Though Polycarp is not mentioned in the Bible, he was born during the New Testament age, converted early in life, and trained for the ministry by the apostle John himself. Polycarp and John remained friends for 20 years. They worked in churches 20 miles from one another, John in Ephesus and Polycarp at his home church in Smyrna (modern Izmir, Turkey). When John wrote the Revelation, he addressed a portion of it to the believers in Smyrna, and of that church he had no critical words. It may well have been Polycarp who read John’s message to the congregation: I know how much you suffer and how poor you are, but you are rich. … Don’t worry about what you will suffer. … If you are faithful until you die, I will reward you with a glorious life (Rev 2:9,10).
Though Polycarp devoted most of his time to pastoring the church at Smyrna, he also became well-known elsewhere. We still have a letter he wrote to the Philippian church, and in it he quotes extensively from the New Testament. He traveled to Rome to consult with Bishop Anicletus about theological matters. He battled heresy throughout the empire. All in all, he serves as a vital link between the apostles and the rest of church history.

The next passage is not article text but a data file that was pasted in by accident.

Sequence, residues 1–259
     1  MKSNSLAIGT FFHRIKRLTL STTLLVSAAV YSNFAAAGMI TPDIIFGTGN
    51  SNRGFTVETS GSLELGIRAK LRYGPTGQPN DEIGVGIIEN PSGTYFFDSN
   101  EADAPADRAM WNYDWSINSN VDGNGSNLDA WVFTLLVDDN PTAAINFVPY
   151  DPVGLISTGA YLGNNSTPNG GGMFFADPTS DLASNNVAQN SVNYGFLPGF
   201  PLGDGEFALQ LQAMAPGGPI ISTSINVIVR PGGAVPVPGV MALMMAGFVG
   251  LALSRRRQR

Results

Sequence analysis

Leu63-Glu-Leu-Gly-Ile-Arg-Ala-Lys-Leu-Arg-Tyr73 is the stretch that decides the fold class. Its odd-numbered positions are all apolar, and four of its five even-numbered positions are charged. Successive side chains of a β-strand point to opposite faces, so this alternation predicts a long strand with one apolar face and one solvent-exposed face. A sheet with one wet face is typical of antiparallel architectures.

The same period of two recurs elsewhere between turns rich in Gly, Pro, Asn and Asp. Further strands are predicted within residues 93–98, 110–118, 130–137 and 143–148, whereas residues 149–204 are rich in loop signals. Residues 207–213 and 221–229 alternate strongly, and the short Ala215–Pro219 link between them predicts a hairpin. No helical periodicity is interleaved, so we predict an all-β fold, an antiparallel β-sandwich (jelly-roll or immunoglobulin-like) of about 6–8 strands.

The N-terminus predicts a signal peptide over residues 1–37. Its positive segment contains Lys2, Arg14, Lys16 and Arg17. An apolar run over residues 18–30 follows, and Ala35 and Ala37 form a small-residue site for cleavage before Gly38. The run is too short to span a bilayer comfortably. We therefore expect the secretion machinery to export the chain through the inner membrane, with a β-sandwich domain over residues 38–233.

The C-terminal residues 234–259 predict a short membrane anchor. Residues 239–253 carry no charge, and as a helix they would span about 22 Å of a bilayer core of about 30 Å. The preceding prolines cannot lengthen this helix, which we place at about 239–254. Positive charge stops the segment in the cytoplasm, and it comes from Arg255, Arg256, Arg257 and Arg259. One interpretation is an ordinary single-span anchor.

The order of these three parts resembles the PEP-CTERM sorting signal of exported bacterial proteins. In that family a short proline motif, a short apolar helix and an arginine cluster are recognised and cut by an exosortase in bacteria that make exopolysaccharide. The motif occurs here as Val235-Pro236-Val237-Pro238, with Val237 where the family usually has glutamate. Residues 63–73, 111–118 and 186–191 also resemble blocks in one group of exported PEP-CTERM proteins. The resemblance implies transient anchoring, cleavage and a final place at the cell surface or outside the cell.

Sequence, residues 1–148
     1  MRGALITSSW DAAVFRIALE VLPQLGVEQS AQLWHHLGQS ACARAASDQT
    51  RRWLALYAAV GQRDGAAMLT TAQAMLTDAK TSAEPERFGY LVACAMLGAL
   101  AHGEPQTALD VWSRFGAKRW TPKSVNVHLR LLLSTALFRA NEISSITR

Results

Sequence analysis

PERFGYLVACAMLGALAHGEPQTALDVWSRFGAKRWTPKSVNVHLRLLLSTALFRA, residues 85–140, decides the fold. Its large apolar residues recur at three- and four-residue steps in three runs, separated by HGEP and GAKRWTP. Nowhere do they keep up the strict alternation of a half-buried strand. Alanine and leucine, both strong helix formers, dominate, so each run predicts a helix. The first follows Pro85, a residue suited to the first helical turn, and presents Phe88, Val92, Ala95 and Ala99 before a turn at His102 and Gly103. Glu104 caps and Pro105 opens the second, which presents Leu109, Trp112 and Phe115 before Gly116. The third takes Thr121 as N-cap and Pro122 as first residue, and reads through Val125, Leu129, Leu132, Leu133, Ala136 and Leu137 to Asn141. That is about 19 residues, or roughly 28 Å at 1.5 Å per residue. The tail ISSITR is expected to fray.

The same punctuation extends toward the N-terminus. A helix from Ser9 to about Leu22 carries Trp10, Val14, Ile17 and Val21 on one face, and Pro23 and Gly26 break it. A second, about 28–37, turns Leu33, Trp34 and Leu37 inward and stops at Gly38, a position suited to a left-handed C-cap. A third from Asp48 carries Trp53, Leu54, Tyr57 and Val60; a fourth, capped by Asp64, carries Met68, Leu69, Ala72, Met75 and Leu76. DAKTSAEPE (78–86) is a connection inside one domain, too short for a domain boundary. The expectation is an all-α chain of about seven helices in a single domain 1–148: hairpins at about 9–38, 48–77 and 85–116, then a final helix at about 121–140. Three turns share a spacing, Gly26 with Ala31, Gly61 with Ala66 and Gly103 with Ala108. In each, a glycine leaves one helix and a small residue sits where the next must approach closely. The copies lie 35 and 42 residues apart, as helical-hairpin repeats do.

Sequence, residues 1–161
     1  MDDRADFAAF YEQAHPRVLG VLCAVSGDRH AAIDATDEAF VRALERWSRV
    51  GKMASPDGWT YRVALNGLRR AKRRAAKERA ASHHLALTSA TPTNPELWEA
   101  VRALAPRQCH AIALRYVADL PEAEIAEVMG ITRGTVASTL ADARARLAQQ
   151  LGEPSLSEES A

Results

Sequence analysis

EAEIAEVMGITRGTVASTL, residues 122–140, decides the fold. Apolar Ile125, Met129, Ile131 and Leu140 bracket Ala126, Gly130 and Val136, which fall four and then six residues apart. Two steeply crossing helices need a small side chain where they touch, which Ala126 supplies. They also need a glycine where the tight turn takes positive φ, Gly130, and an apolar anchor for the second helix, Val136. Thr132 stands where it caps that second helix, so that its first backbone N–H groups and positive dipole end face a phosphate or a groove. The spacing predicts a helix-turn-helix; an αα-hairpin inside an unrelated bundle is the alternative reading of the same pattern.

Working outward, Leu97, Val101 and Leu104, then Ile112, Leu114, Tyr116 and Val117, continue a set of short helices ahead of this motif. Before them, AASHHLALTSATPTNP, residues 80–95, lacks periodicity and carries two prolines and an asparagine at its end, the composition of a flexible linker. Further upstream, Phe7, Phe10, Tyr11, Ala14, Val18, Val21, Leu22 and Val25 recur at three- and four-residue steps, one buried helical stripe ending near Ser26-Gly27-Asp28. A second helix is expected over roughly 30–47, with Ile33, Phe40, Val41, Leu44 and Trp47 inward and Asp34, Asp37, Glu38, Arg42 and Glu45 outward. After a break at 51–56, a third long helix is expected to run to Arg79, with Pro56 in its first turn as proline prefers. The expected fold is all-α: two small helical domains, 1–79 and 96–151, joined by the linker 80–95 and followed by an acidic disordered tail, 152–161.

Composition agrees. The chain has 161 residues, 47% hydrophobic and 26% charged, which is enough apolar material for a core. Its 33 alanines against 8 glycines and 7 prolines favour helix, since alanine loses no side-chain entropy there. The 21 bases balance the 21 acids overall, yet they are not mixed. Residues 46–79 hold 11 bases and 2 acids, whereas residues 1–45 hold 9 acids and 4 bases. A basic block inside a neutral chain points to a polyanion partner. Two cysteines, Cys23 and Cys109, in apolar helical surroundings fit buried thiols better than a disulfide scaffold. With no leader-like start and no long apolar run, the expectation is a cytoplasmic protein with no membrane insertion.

He faced his greatest test in the mid-second century, during the reign of Antoninus Pius. A persecution broke out against Christians, and several of his church members were killed. On February 23, c. 155 a Roman officer publicly demanded that Polycarp renounce Christ. The old pastor’s famous reply has echoed through history: “Eighty and six years have I served him and he has done me no wrong. Can I revile my King that saved me?”
“I’ll throw you to the beasts!” shouted the Roman. Polycarp told him to bring them on. “Then I’ll have you burned,” the man warned.
Polycarp replied, “You try to frighten me with fire that burns for an hour and you forget the fire of hell that never goes out.”
An hour later his body was ashes, his soul with Christ.
Don’t worry about what you will suffer. The devil will throw some of you into jail, and you will be tested and made to suffer for ten days. But if you are faithful until you die, I will reward you with a glorious life. If you have ears, listen to what the Spirit says to the churches. (Revelation 2:10-11a)
Robert J. Morgan, On This Day : 265 Amazing and Inspiring Stories About Saints, Martyrs & Heroes, electronic ed. (Nashville: Thomas Nelson Publishers, 2000, c1997). Feb. 23.
*Picture in Header: By Carole Raddato from FRANKFURT, Germany – Agora of Smyrna, built during the Hellenistic era at the base of Pagos Hill and totally rebuilt under Marcus Aurelius after the destructive 178 AD earthquake, Izmir, Turkey, CC BY-SA 2.0, https://commons.wikimedia.org/w/index.php?curid=45906874